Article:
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1.
Emerg Infect Dis ; 27(11): 2753-2760, 2021 11.
Article in English | MEDLINE | ID: covidwho-1371301

ABSTRACT

We reviewed the timeline of key policies for control of the coronavirus disease epidemic and determined their impact on the epidemic and hospital burden in South Korea. Using a discrete stochastic transmission model, we estimated that multilevel policies, including extensive testing, contact tracing, and quarantine, reduced contact rates by 90% and rapidly decreased the epidemic in Daegu and nationwide during February‒March 2020. Absence of these prompt responses could have resulted in a >10-fold increase in infections, hospitalizations, and deaths by May 15, 2020, relative to the status quo. The model suggests that reallocation of persons who have mild or asymptomatic cases to community treatment centers helped avoid overwhelming hospital capacity and enabled healthcare workers to provide care for more severely and critically ill patients in hospital beds and negative-pressure intensive care units. As small outbreaks continue to occur, contact tracing and maintenance of hospital capacity are needed.


Subject(s)
COVID-19 , Epidemics , Cost of Illness , Humans , Policy , Republic of Korea/epidemiology , SARS-CoV-2
2.
PLoS Comput Biol ; 17(7): e1009149, 2021 07.
Article in English | MEDLINE | ID: covidwho-1325366

ABSTRACT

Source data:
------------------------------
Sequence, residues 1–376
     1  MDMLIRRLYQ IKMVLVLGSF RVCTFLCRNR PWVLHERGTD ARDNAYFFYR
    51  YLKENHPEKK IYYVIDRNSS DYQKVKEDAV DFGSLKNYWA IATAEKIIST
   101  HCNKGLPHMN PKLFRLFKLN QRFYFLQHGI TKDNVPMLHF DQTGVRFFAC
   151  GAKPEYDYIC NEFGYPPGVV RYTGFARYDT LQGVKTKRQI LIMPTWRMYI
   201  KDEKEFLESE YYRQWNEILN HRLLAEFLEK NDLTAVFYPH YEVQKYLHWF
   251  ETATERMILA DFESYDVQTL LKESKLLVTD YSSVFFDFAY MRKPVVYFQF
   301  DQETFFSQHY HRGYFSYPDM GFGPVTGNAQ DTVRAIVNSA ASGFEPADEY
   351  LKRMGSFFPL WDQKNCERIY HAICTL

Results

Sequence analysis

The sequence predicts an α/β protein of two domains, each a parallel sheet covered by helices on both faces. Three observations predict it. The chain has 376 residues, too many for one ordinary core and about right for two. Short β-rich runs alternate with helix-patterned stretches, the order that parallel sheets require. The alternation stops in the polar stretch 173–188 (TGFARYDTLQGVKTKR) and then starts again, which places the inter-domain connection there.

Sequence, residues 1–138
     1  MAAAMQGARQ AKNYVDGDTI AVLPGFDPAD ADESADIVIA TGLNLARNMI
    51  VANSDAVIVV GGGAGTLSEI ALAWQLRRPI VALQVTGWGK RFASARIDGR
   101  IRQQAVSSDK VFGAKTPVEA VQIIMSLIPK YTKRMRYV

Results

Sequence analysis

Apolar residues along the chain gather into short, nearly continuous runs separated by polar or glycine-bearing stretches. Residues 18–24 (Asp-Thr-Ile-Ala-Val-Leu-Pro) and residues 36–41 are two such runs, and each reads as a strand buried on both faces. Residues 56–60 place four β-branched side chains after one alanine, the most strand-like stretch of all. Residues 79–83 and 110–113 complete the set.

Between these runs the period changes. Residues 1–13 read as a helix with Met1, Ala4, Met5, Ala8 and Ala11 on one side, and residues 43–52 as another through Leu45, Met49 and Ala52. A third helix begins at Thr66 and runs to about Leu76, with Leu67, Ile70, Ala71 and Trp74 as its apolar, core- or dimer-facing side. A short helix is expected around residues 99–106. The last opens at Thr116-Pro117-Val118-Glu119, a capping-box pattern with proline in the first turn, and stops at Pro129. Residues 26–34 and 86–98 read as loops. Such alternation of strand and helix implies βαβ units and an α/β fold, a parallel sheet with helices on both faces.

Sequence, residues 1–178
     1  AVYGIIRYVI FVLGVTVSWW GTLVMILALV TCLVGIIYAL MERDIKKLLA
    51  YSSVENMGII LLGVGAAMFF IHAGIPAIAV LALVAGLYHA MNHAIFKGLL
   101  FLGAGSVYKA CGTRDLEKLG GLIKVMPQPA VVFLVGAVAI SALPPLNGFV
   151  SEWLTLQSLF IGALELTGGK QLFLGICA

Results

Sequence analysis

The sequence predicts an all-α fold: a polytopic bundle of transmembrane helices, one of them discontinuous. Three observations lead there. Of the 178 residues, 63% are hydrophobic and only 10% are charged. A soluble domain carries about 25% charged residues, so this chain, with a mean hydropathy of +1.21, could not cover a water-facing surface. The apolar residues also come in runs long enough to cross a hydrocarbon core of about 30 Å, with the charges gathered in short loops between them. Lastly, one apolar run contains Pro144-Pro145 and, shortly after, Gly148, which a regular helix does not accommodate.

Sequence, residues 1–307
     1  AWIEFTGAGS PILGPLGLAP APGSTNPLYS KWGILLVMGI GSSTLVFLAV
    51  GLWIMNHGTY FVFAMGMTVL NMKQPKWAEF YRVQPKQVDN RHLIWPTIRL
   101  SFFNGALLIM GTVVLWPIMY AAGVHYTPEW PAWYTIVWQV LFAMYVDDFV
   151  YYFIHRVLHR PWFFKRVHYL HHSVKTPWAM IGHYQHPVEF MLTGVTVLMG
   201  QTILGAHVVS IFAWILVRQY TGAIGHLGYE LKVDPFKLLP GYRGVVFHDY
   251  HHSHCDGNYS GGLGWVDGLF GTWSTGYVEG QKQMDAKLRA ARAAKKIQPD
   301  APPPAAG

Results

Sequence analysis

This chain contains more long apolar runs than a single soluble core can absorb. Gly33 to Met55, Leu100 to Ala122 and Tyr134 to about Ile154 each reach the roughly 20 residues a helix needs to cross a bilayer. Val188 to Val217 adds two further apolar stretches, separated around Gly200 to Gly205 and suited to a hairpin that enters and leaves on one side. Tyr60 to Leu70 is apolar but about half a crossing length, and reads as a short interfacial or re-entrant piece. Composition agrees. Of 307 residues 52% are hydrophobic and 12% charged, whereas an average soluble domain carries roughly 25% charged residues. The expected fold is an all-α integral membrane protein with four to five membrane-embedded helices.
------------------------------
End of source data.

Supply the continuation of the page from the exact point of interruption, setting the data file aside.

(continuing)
The COVID-19 pandemic has created an urgent need for models that can project epidemic trends, explore intervention scenarios, and estimate resource needs. Here we describe the methodology of Covasim (COVID-19 Agent-based Simulator), an open-source model developed to help address these questions. Covasim includes country-specific demographic information on age structure and population size; realistic transmission networks in different social layers, including households, schools, workplaces, long-term care facilities, and communities; age-specific disease outcomes; and intrahost viral dynamics, including viral-load-based transmissibility. Covasim also supports an extensive set of interventions, including non-pharmaceutical interventions, such as physical distancing and protective equipment; pharmaceutical interventions, including vaccination; and testing interventions, such as symptomatic and asymptomatic testing, isolation, contact tracing, and quarantine. These interventions can incorporate the effects of delays, loss-to-follow-up, micro-targeting, and other factors. Implemented in pure Python, Covasim has been designed with equal emphasis on performance, ease of use, and flexibility: realistic and highly customized scenarios can be run on a standard laptop in under a minute. In collaboration with local health agencies and policymakers, Covasim has already been applied to examine epidemic dynamics and inform policy decisions in more than a dozen countries in Africa, Asia-Pacific, Europe, and North America.